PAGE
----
Sunday, August 22, 2010

America's Army and gender bias in game design

Coming out of the #ifest Twitter stream, I once again heard how America's Army was a shining example of how games had been used to improve recruitment efforts. I posed the question...has it improved recruitment of women at the same rate it has improved the recruitment of men? So far, all I've heard back is *crickets*.

For two weeks, I have been looking for data or research on America's Army that mentions gender as a research parameter, but so far, I've found nothing. If you know of any research, I'd love to see it. My hypothesis? Recruitment of women was not as greatly improved after they played America's Army. If that's the case, what does that say about the relative value of recruiting women vs men into our military?

What makes a game successful? Is it ok for public institutions (government, schools, etc.) to measure the success of a serious game without looking at differences in outcomes along the most basic parameters (gender, class, race)? Is it ok to say a game is successful in achieving its goals if we don't consider those issues as part of the discussion?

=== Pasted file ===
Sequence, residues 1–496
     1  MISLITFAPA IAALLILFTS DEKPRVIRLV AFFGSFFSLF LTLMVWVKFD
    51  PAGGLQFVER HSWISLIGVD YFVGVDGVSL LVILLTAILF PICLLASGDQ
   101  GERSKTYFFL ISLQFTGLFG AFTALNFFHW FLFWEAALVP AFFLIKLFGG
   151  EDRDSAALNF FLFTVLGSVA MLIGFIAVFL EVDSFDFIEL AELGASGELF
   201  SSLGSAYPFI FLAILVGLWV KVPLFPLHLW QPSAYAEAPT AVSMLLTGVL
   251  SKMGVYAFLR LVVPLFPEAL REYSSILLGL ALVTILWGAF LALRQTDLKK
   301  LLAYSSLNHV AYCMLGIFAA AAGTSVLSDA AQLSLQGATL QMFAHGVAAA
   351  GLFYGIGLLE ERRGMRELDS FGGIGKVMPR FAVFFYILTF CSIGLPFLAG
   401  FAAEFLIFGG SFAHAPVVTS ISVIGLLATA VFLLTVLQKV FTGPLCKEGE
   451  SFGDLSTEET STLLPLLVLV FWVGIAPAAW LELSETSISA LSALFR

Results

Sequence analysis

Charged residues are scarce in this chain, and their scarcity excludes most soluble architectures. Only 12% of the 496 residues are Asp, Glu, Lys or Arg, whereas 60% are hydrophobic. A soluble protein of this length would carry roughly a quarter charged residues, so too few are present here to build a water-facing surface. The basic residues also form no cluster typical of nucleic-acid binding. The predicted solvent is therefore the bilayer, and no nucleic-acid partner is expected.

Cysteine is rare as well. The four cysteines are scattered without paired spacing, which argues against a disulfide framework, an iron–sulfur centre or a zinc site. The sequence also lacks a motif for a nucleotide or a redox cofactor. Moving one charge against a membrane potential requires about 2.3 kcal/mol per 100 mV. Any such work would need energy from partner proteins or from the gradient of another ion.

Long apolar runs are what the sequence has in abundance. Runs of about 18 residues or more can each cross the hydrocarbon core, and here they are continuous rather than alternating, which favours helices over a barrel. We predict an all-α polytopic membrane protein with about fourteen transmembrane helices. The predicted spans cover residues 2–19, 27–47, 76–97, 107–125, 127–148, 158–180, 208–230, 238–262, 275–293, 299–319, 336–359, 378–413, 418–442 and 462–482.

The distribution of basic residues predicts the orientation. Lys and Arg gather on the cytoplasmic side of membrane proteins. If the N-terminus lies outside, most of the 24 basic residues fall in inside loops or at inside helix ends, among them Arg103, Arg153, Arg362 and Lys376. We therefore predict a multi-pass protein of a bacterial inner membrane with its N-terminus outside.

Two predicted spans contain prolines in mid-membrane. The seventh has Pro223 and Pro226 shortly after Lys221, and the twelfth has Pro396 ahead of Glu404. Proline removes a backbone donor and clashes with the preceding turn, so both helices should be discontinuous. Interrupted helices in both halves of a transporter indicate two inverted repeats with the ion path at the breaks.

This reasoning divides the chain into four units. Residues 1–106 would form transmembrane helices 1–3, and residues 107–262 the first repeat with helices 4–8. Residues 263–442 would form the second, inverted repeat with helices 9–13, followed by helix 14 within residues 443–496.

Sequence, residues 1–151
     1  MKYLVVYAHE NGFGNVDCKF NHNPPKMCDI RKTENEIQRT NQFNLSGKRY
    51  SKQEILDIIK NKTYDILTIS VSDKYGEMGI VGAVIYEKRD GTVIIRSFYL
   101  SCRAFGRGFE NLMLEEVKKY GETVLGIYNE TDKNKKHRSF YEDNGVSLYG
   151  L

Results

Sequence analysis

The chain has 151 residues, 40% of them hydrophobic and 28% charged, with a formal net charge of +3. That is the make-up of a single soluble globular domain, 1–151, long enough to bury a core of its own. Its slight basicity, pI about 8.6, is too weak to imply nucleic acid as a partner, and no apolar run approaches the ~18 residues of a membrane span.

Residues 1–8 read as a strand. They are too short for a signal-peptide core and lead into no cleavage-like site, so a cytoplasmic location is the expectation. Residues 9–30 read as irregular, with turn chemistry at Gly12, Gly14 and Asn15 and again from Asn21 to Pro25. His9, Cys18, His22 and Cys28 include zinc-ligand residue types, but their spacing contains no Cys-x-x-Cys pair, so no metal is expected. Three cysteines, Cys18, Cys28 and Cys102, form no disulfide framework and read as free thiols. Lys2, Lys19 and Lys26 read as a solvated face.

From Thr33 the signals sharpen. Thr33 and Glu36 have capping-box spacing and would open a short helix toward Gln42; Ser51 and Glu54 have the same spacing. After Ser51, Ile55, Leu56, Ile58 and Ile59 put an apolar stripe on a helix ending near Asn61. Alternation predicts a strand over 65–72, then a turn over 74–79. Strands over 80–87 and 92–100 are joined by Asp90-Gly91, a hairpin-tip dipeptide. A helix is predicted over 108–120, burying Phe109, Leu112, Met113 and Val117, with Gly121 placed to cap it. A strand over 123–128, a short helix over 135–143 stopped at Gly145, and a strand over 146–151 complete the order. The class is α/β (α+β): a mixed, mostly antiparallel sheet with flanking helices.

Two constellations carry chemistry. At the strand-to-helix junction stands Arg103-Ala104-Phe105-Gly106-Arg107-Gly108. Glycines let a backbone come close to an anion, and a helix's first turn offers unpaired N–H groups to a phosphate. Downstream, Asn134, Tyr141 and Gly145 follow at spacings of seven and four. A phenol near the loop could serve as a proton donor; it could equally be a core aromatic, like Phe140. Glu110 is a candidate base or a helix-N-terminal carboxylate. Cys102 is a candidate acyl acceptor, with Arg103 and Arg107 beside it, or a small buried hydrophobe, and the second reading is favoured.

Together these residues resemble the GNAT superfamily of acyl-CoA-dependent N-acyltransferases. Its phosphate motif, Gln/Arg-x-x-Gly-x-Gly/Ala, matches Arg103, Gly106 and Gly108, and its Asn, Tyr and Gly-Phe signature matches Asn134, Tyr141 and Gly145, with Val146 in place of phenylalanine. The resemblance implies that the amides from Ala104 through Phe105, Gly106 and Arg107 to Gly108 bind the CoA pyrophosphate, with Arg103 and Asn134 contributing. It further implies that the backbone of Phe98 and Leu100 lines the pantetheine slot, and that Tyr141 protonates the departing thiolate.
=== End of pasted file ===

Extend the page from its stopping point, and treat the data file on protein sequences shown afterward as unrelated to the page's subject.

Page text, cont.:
I'm tired of hearing the marketing spin and the hype around how games can change the world if we're not even asking the most basic questions about WHO games are changing and HOW they are changing them. You won't find a bigger advocate of games for learning and as a vehicle to raise awareness and support behavior change. But not all games are created equal. We have to be vigilant and constantly questioning our design to ensure we're achieving the outcomes we seek. Ignoring questions of gender, class, and racial bias in serious game design makes me question the motives of the design itself and the motives of those promoting a game's "success."

As always, I welcome anyone's comments who can prove me wrong...

1 comment:

  1. Koreen, in reference to the Army. The channel of games to recruit women depends on their goals. Was their audience and women a part of their recruitment efforts or were they trying to reach a broader or different segment of men?

    In reference to games - how does games create opportunity to change behavior and how do you track the ROI on this investment? The gender and race issue again depends on who your audience is and what are their needs.

    Hope you r well.